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Every Business Needs An Emergency Supply Kit

Release date: 
September 12, 2006
Release Number: 
1603-550

NEW ORLEANS, La. -- Jennifer Kang was lucky, and she knows it.  Her Algiers company, Majestic Cleaners, did not sustain major damage from Hurricane Katrina.  But she has taken steps to protect her data and examine her insurance policy to be better prepared for future storms.

Business owners everywhere are urged to assemble an emergency supply kit.  Emergency preparedness officials with the U.S. Department of Homeland Security's Federal Emergency Management Agency (FEMA) and the U.S. Small Business Administration have produced a list of items for small and large companies to consider as they plan a survival kit for disaster.

Emergency Supplies Checklist

  • A battery-powered commercial radio plus a radio that can receive weather alerts from the National Oceanographic and Atmospheric Administration (NOAA) are recommended. The NOAA weather radio can alert you to weather emergencies and potentially life-saving emergency information. The commercial radio is a good source for news and information from local authorities.
  • Keep copies of important records such as site maps, building plans, insurance policies, employee contact and identification information, bank account records, supplier and shipping contact lists, computer backups, emergency or law enforcement contact information and other priority documents in a waterproof, fireproof portable container. Store a second set of records at an off-site location.
  • Talk to employees and co-workers about what emergency supplies the company can feasibly provide, if any, and which supplies individuals should keep on hand.  Here is a basic list:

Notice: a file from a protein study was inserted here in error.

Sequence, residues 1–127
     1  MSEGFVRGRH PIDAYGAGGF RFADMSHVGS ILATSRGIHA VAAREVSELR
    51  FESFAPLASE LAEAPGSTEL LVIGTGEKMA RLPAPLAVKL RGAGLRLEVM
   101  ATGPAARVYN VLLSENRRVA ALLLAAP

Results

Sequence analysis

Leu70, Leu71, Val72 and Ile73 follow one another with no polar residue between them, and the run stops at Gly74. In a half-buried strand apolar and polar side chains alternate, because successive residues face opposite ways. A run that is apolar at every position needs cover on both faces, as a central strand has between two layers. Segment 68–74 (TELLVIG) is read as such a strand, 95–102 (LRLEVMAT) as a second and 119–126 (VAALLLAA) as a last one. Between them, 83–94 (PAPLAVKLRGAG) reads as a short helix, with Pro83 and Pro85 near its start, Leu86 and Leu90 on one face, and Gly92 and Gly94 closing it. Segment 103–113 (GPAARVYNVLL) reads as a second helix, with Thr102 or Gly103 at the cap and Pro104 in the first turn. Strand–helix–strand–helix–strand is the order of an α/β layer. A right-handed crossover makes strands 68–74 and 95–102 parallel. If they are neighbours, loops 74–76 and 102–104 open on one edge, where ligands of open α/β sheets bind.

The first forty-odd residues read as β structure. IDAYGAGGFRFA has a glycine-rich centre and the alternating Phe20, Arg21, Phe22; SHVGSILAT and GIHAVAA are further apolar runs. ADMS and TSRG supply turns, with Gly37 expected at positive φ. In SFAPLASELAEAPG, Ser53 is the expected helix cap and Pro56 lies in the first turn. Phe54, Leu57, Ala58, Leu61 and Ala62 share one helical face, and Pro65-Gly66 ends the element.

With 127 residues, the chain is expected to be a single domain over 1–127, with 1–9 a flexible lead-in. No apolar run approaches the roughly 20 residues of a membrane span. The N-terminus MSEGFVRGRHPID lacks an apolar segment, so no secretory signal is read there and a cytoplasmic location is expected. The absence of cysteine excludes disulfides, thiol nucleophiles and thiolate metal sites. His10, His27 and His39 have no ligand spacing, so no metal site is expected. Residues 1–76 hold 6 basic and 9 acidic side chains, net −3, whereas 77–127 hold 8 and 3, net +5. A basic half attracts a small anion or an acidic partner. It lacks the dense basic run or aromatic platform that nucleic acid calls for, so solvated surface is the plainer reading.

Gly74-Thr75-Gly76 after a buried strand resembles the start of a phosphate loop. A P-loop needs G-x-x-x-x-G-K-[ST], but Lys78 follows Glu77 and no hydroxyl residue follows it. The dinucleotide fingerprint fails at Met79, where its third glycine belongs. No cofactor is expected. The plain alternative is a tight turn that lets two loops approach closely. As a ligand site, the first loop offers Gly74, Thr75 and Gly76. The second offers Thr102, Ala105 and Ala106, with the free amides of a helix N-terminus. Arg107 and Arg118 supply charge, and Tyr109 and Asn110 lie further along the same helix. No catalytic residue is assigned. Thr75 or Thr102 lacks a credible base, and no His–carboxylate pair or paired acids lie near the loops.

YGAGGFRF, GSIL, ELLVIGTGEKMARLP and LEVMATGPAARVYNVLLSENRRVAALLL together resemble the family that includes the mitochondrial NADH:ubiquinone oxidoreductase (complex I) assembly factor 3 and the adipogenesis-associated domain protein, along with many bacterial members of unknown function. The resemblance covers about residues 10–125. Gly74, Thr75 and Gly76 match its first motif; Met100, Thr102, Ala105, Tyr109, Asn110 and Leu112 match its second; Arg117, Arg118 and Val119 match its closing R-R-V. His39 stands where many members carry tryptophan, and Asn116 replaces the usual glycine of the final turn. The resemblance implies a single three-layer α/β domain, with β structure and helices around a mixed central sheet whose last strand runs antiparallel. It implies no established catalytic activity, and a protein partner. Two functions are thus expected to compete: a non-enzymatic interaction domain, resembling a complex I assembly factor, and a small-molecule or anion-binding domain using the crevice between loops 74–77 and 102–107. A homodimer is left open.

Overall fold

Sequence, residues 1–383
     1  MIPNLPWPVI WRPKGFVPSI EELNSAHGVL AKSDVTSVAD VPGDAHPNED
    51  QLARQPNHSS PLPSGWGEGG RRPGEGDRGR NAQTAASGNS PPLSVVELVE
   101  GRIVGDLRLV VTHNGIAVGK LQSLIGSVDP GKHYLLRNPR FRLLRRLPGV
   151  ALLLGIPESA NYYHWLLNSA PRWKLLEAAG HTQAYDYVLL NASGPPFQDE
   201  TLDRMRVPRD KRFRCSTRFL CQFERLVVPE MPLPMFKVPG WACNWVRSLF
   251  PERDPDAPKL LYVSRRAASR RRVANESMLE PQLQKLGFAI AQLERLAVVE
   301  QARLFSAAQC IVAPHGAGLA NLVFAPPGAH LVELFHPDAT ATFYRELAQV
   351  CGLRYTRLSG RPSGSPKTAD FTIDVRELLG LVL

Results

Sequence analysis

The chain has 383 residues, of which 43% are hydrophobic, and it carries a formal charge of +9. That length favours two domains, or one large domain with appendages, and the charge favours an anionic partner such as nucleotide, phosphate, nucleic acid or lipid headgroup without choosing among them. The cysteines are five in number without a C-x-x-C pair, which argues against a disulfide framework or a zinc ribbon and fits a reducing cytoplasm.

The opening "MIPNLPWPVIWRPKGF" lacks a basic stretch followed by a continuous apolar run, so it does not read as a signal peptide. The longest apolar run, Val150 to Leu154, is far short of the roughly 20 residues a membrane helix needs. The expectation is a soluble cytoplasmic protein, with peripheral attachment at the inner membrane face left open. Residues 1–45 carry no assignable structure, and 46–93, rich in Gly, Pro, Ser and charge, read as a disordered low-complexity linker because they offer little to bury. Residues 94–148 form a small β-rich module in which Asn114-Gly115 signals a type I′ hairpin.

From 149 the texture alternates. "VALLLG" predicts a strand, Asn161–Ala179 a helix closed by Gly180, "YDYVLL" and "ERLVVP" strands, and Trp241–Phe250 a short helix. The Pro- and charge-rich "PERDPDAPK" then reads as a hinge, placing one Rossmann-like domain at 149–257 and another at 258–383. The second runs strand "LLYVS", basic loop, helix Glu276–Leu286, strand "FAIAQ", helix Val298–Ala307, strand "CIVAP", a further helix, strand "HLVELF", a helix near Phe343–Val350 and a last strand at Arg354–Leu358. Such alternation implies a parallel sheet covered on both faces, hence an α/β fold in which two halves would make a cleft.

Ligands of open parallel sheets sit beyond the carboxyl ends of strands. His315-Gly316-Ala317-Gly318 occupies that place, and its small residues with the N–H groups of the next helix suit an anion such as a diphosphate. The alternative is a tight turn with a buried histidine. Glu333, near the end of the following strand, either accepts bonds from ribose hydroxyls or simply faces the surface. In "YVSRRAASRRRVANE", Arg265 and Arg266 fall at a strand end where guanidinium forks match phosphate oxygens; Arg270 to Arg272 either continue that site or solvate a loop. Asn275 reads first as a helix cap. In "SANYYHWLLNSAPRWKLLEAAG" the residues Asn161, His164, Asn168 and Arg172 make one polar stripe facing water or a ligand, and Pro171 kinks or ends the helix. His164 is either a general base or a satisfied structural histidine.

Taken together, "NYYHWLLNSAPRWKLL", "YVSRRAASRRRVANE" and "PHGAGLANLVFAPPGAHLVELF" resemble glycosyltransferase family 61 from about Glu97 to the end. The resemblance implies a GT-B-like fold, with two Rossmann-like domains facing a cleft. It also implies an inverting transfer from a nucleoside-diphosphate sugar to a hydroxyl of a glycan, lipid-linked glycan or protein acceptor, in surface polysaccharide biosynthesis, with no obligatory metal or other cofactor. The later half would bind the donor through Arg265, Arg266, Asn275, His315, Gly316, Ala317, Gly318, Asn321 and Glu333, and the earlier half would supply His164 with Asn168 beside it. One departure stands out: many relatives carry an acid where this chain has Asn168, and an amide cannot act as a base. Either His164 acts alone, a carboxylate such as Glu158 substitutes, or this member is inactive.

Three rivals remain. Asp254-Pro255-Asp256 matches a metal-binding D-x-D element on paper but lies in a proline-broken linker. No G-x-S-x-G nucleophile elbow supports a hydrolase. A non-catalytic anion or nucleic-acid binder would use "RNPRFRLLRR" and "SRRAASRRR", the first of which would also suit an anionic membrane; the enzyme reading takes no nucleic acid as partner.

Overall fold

• Water: one gallon of water per person per day for drinking and sanitation
    • Food: at least a three-day supply of non-perishable food
    • Flashlight and extra batteries and some basic tools
    • First aid kit and three-day supply of prescription medications
    • Whistle to signal for help
    • Dust mask or cotton t-shirt to help filter the air
    • Moist towelettes for sanitation
    • Can opener
    • Sturdy shoes, extra clothes and blankets
    • Cash

Kang says communicating with family and business contacts in the aftermath of Katrina was difficult.  She offered a useful tip for people who have a cell phone.  "If your calls won't go through, you can still text message," said Kang.

A wide range of useful information is free online at www.ready.gov and www.sba.gov.

FEMA manages federal response and recovery efforts following any national incident. FEMA also initiates mitigation activities, works with state and local emergency managers, and manages the National Flood Insurance Program.  FEMA became part of the U.S. Department of Homeland Security on March 1, 2003.

Last Updated: 
January 3, 2018 - 12:39